Picture of sea vessel plough through rough maritime conditions

Innovations in marine technology, pioneered through Open Access research...

Strathprints makes available scholarly Open Access content by researchers in the Department of Naval Architecture, Ocean & Marine Engineering based within the Faculty of Engineering.

Research here explores the potential of marine renewables, such as offshore wind, current and wave energy devices to promote the delivery of diverse energy sources. Expertise in offshore hydrodynamics in offshore structures also informs innovations within the oil and gas industries. But as a world-leading centre of marine technology, the Department is recognised as the leading authority in all areas related to maritime safety, such as resilience engineering, collision avoidance and risk-based ship design. Techniques to support sustainability vessel life cycle management is a key research focus.

Explore the Open Access research of the Department of Naval Architecture, Ocean & Marine Engineering. Or explore all of Strathclyde's Open Access research...

Images of the 'other' : an analysis of promotional material for study trips abroad for teacher education students.

Santoro, Ninetta (2014) Images of the 'other' : an analysis of promotional material for study trips abroad for teacher education students. In: Association for Teacher Education in Europe, 2014-08-25 - 2014-08-27, University of Minho.

Full text not available in this repository. Request a copy from the Strathclyde author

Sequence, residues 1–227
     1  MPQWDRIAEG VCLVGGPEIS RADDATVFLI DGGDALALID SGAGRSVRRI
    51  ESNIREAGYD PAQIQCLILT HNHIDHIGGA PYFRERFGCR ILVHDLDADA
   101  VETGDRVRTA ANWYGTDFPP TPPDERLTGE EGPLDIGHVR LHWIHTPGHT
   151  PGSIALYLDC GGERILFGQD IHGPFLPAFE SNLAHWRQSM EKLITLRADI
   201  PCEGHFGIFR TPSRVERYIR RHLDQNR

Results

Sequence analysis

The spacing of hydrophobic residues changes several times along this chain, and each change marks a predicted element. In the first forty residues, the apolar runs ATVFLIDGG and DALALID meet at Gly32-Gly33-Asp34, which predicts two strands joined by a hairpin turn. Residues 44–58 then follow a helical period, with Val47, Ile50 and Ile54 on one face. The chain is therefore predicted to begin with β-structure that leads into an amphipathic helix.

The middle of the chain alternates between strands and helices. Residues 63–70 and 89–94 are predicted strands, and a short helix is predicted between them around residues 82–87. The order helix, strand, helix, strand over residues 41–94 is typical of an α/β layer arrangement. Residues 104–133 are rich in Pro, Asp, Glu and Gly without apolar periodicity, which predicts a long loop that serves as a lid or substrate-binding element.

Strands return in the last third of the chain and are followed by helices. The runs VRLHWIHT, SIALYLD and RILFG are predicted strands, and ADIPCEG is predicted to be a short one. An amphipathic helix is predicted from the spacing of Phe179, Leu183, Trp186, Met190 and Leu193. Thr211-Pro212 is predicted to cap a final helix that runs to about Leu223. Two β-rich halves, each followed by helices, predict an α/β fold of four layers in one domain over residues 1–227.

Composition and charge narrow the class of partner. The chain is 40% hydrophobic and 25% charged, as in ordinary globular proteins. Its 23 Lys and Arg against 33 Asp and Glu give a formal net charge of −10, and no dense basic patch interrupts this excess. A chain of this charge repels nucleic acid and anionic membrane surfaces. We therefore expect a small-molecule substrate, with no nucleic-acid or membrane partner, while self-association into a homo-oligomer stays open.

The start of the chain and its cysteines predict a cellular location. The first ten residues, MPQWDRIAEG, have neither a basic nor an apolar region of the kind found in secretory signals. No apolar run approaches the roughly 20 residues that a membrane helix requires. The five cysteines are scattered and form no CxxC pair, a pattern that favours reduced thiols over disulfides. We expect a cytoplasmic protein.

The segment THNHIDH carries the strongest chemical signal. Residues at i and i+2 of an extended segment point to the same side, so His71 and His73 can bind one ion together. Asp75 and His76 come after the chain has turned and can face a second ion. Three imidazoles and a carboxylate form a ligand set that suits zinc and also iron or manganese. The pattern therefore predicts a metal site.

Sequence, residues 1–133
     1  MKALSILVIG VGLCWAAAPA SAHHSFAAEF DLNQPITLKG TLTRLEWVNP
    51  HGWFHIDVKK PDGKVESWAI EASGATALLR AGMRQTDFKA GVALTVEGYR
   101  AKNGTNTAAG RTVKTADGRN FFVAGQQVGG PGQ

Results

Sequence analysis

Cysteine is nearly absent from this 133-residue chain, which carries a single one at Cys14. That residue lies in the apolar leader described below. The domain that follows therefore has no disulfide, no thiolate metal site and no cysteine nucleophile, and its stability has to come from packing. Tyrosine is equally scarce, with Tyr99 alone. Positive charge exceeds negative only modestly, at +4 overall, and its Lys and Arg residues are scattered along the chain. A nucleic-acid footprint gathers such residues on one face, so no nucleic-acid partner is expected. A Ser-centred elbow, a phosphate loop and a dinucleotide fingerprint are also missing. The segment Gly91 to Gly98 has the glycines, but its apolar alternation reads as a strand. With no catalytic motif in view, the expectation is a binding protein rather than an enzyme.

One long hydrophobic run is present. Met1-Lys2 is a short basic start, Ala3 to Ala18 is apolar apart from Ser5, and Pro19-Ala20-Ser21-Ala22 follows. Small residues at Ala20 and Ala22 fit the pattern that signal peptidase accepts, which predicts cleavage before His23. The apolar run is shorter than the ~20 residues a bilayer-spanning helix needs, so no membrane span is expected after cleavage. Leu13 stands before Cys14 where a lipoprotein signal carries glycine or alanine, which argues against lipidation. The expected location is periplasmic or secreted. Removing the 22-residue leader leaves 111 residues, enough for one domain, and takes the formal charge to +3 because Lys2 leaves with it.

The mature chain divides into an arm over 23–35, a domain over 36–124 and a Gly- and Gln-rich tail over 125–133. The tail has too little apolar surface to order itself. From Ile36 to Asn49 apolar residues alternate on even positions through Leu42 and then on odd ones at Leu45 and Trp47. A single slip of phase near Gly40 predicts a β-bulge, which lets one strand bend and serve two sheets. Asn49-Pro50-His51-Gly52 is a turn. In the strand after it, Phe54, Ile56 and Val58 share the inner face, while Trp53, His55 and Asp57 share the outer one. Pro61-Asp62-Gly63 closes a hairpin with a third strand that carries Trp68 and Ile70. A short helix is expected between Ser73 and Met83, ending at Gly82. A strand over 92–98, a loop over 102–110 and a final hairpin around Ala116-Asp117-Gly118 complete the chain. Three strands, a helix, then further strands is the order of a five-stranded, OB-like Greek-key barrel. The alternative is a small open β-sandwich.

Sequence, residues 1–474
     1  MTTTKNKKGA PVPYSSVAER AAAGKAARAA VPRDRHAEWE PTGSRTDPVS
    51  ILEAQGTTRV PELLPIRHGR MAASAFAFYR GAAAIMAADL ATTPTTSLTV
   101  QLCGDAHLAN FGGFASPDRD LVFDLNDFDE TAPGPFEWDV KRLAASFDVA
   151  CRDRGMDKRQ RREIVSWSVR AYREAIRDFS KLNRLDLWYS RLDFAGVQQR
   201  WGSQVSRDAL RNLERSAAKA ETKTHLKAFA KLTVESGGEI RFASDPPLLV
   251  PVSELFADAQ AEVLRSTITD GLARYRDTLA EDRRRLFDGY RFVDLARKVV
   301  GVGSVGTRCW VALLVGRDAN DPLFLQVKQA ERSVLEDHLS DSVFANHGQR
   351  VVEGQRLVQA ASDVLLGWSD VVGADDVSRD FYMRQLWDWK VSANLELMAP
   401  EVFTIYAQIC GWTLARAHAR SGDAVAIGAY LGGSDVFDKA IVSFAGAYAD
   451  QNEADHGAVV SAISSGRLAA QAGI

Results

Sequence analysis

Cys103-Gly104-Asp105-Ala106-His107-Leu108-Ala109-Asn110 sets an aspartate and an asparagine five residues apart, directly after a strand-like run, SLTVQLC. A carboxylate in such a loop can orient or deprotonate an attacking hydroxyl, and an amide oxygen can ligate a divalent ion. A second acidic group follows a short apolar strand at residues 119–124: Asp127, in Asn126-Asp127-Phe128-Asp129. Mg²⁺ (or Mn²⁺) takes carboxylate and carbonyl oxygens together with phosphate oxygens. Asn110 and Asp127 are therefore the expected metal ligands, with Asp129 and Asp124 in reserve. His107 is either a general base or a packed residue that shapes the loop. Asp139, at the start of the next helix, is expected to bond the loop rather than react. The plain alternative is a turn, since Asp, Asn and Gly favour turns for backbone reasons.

Increasingly, in many parts of the world, classrooms are characterised by cultural and linguistic diversity. Understanding different cultural perspectives is essential if teachers are to develop culturally responsive pedagogies that address the needs of all students.. One way to increase teachers' intercultural competence is to offer student-teachers opportunities to live and study abroad. Programmes such as ERASMUS or short term, non-credit bearing options, potentially offer students-teachers opportunities to learn about the world beyond their local context, and to develop greater understandings of ways of being and doing that are different from those into which they were socialised. In this paper I report the findings of a project that collected and analysed a range of promotional materials for international study programmes offered to teacher education students. I use critical discourse analysis techniques to examine promotional flyers and websites in a range of universities in the UK. The project aimed to identify how social identities and relationships are constructed in these particular texts and images, and to investigate not only what is made explicit through the repetition of images and phrases, contradictory statements, and declared positions, but what is left out, silenced or only implied. I interrogate the data using the following specific questions: • How are experiences in 'developing' and high income countries promoted as valuable to student-teachers' development as culturally responsive teachers? • How are particular educational systems portrayed in a variety of 'developing' and high income countries? • How are particular cultures constructed? Findings suggest that 'developing' countries and high income countries are constructed in the promotional materials as binary opposites in terms of their value to student teachers' learning. The cultures of 'developing' countries are constructed as 'exotic', unsafe (but interesting) and offer opportunities for student-teachers to pass on their knowledge about teaching. On the other hand, high income countries are portrayed as safe, familiar and offer opportunities to learn about teaching. I suggest that these promotional materials potentially contribute to the student-teachers taking up post-colonial and neo-colonial attitudes about the cultures and education systems of 'developing' countries. They are therefore, counterproductive to the aims of international experiences. The paper concludes with recommendations for practice and teacher education curriculum.